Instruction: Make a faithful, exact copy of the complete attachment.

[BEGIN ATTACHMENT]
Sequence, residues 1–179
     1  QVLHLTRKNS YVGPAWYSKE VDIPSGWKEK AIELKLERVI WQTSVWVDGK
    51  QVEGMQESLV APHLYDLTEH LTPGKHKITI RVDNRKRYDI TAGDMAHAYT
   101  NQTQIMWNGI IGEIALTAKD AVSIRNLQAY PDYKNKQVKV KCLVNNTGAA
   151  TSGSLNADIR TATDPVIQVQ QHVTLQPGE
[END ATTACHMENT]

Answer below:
Sequence, residues 1–179
     1  QVLHLTRKNS YVGPAWYSKE VDIPSGWKEK AIELKLERVI WQTSVWVDGK
    51  QVEGMQESLV APHLYDLTEH LTPGKHKITI RVDNRKRYDI TAGDMAHAYT
   101  NQTQIMWNGI IGEIALTAKD AVSIRNLQAY PDYKNKQVKV KCLVNNTGAA
   151  TSGSLNADIR TATDPVIQVQ QHVTLQPGE